Announcement of Final Guidance on Incentive Compensation Practices
As we previously advised, in October 2009 the Federal Reserve issued proposed guidance and requested comments concerning incentive compensation by banks and financial institutions. On June 21, the process concluded with the announcement of final guidance. The Federal Reserve was joined by the Office of the Comptroller of the Currency, the Federal Deposit Insurance Corporation and the Office of Thrift Supervision in issuing the final guidance. Note that “guidance” represents policy concerning safety and soundness examinations and differs from formal regulations in that guidance is typically less formulaic and leaves more room for interpretation by examiners.
The guidance is centered around three core principles: First, incentive compensation programs should balance the incentives for risk taking. Put simply, if two employees generate the same level of revenue or profits, but, in doing so, one incurs greater risk, this employee should earn less incentive compensation. Second, institutions should have strong controls in place to create and monitor the effectiveness of incentives. Third, the board of directors or the compensation committee must be fully informed and actively involved in creating and monitoring incentive compensation programs. The end result of this guidance should be incentive compensation that is more weighted toward equity incentives, longer performance periods, strong clawbacks and continuous monitoring by management with the active supervision of an informed board of directors or compensation committee.
The final guidance will be applicable to all banks, thrifts, bank and financial holding companies and other banking organizations supervised by any of the adopting agencies, including state member banks of the Federal Reserve, FDIC insured banks, Edge and agreement corporations and the U.S. operations of foreign banks. The guidance will be effective upon publication in the Federal Register, which should happen shortly. The guidance includes special provisions applicable to largest most complex institutions. This Client Alert focuses on the aspects of the guidance which are most applicable to regional and community financial institutions.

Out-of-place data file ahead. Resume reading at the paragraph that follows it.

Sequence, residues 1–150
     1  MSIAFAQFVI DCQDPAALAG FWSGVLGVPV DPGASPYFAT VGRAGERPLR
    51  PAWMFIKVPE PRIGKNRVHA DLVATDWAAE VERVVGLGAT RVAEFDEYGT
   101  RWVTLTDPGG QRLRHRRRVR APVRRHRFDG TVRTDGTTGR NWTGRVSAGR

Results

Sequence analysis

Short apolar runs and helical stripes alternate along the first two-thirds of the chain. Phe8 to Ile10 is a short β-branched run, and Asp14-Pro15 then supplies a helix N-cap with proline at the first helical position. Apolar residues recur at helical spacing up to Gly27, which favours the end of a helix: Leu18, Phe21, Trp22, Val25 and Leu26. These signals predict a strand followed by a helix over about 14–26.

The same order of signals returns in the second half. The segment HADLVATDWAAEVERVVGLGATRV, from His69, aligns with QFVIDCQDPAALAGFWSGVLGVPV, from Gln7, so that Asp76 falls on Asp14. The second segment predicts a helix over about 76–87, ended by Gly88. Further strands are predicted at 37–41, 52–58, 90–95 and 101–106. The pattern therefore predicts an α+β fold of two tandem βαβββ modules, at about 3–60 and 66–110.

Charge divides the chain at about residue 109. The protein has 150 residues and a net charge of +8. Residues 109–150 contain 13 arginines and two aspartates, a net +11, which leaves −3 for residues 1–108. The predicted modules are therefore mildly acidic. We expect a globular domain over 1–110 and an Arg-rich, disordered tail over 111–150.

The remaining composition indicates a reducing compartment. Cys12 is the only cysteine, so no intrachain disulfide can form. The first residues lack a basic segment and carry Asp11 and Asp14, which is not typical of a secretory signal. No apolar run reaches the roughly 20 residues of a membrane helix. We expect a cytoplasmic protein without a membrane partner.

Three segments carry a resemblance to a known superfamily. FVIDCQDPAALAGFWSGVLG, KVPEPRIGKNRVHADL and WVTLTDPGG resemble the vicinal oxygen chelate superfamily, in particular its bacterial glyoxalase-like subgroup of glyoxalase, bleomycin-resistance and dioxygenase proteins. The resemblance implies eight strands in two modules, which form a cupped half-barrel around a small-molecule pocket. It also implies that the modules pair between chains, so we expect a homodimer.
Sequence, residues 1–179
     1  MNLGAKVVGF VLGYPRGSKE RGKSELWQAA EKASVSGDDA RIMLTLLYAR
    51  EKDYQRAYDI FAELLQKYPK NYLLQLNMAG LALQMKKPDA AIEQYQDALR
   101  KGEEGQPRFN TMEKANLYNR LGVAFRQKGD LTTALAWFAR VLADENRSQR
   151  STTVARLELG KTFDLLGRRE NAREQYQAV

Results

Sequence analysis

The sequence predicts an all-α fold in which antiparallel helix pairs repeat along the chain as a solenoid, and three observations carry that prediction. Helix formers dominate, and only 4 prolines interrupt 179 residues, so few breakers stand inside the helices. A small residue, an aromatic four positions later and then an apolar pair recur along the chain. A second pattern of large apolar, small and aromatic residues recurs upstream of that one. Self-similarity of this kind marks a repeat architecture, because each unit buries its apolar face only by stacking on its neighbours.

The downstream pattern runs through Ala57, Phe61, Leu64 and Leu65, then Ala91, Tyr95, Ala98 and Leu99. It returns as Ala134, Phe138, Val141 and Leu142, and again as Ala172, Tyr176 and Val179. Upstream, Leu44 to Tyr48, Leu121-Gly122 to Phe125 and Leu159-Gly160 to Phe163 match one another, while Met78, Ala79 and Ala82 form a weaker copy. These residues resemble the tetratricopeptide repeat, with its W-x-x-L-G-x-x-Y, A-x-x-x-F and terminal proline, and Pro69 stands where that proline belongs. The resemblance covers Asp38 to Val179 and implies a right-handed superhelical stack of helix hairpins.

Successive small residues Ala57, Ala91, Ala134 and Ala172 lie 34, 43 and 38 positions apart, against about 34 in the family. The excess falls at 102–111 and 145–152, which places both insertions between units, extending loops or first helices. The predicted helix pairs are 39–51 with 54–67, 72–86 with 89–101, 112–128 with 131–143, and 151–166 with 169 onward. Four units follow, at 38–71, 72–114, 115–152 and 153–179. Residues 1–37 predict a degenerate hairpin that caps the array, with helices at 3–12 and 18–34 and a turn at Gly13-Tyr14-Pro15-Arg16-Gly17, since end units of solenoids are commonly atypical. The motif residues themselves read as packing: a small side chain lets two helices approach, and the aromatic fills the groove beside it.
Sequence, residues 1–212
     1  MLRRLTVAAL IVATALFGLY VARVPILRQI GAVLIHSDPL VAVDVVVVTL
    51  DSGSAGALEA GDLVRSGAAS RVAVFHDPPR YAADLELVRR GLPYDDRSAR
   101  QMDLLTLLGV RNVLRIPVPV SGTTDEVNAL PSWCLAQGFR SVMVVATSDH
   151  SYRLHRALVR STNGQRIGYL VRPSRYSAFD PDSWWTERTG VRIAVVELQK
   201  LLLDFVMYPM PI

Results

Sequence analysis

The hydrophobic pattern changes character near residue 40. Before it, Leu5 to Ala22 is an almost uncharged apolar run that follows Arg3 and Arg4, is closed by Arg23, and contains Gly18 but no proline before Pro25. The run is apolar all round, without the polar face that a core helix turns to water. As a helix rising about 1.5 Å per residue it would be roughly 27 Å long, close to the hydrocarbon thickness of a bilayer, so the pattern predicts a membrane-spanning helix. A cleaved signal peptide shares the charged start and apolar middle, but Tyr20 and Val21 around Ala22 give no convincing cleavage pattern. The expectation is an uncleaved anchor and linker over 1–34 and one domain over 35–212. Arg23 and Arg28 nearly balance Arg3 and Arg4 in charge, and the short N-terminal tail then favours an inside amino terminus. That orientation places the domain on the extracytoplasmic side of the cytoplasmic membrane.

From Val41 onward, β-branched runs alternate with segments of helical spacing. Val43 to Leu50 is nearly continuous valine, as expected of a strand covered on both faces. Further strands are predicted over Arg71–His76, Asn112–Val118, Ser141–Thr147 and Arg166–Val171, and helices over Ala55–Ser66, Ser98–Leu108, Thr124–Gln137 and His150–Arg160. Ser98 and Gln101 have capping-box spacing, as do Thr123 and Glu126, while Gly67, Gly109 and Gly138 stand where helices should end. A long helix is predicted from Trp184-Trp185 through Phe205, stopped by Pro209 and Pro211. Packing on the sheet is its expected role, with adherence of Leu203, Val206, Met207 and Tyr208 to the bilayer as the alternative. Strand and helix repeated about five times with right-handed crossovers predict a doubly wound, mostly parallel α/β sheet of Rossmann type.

The guidance covers incentive compensation for both senior executives and non-executive employees who, individually or as part of a group, have the ability to expose an institution to material risks. Obvious examples are bonus programs for personnel who expressly control enterprise risk, such as loan officers and traders. However, the institution must also look at incentive pay for personnel who are tasked with internal controls and risk management, such as the controller, CFO and their respective staff.
Three Core Principles
The final guidance retains the same three core principles outlined in the October 2009 proposal, with adjustments and clarifications to address matters raised in the public comments. The guidance remains principles-based, rather than formula-based, and thus does not mandate or prohibit the use of any specific forms of payment for incentive compensation or establish mandatory compensation levels or caps.
Principal 1 (Balanced Risk-taking Incentives): Incentive compensation arrangements should provide incentives that appropriately balance risk and financial results in a manner that does not encourage employees to expose their organizations to imprudent risk.
Put simply, incentive compensation should be sensitive to risk. As an example, two employees who generate the same amount of short-term revenue or profit should not receive the same amount of incentive compensation if the risks taken by the employees differ materially. The employee whose activities create materially larger risks should receive less than the other employee, all else being equal.
- Institutions should consider the full range of risks associated with an employee’s activities, as well as the time horizon over which those risks may be realized.